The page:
This Sunday, April 9, we will be celebrating Egyptian culture with the Egyptian Celebration Company. Join us for workshops and performances inspired by Egyptian artistic traditions, such as mythological hybrid masks, collaborative pyramid sculptures, and stories from the Nile River.
Did you know the Nile River is one of the longest Rivers in the world, and it flows through Egypt? Egypt generally has a desert climate with hot and sunny days and cool nights. Egyptian civilizations have depended on the Nile since ancient times. The behavior of the river has inspired many stories. To get you ready for the festival, here are 6 fun facts about the history of the Nile.
- The Nile River is an important part of Egyptian spiritual life. The Egyptians believed that it was the passageway between life and death. All tombs are built on the west side of the Nile because the west was considered the place of death since the sun god Ra set in the west each day.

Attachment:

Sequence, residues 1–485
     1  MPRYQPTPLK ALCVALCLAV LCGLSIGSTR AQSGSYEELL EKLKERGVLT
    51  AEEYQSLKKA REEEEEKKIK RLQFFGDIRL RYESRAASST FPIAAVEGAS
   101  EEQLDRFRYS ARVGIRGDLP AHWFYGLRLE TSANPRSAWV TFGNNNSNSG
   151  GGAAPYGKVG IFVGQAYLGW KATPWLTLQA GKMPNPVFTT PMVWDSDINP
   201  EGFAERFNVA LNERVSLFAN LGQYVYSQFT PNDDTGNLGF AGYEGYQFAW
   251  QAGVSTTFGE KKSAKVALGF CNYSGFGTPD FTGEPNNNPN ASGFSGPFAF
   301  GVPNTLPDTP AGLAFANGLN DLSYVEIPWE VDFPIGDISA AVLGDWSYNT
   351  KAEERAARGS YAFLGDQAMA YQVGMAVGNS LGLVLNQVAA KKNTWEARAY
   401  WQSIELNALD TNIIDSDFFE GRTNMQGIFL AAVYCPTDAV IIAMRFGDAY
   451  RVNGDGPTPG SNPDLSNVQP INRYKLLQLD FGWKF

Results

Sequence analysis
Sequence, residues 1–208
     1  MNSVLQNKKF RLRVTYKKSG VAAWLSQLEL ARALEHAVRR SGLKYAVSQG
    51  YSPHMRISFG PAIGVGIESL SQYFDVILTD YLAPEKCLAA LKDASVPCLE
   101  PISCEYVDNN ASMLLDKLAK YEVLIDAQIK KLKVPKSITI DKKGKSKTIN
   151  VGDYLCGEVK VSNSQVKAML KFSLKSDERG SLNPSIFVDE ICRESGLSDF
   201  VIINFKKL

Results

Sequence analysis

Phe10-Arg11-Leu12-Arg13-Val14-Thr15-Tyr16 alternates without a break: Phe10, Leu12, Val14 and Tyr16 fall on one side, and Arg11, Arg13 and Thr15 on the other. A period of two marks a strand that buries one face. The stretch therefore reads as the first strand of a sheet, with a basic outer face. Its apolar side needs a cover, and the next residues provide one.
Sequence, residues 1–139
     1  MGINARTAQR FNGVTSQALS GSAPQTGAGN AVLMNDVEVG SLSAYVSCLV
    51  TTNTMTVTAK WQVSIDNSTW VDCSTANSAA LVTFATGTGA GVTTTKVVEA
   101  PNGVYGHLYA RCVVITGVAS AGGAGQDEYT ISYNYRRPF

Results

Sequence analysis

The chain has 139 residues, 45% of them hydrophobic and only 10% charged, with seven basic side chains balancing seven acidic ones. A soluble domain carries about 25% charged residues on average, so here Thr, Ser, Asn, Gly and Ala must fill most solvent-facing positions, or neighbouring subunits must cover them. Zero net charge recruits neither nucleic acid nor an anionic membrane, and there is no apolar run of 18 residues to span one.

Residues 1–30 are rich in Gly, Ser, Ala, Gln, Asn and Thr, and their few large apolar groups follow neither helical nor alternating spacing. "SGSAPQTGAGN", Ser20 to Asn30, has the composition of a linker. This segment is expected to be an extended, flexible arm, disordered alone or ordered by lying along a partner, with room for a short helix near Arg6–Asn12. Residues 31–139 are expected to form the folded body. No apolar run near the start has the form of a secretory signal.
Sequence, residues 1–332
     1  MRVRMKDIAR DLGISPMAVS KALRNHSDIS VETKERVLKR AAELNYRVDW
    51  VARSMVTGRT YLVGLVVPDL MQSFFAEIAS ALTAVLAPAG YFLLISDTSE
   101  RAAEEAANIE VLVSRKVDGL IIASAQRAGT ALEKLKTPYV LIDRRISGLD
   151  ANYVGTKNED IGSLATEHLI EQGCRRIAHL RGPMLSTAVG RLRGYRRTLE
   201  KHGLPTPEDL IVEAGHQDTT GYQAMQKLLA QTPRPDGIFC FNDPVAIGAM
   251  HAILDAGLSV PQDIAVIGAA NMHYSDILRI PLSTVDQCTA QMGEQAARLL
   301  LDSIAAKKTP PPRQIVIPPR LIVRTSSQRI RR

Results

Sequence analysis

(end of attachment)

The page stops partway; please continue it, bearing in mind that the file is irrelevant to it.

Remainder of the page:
- The Nile River flooded annually, keeping soil along the river fertile and ideal for farming. This made Egyptian agriculture one of the most productive in the Near East.
- The Ancient Egyptians planned their calendar around the Nile and the stars. The year began in mid July when the river began to rise for the annual flood.
- The god most closely associated with the Nile was Osiris, who was killed by his brother Seth on the riverbank and then became the king of the Underworld.
- A popular river sport played by Ancient Egyptians was water jousting, in which two-man teams in canoes would try to knock each other out of the boat.
- Reeds, called papyrus, grow along the river. Ancient Egyptians use papyrus to create paper and boats.
The Egyptian Cultural Festival is supported, in part, by public funds from the New York City Department of Cultural Affairs in partnership with the City Council.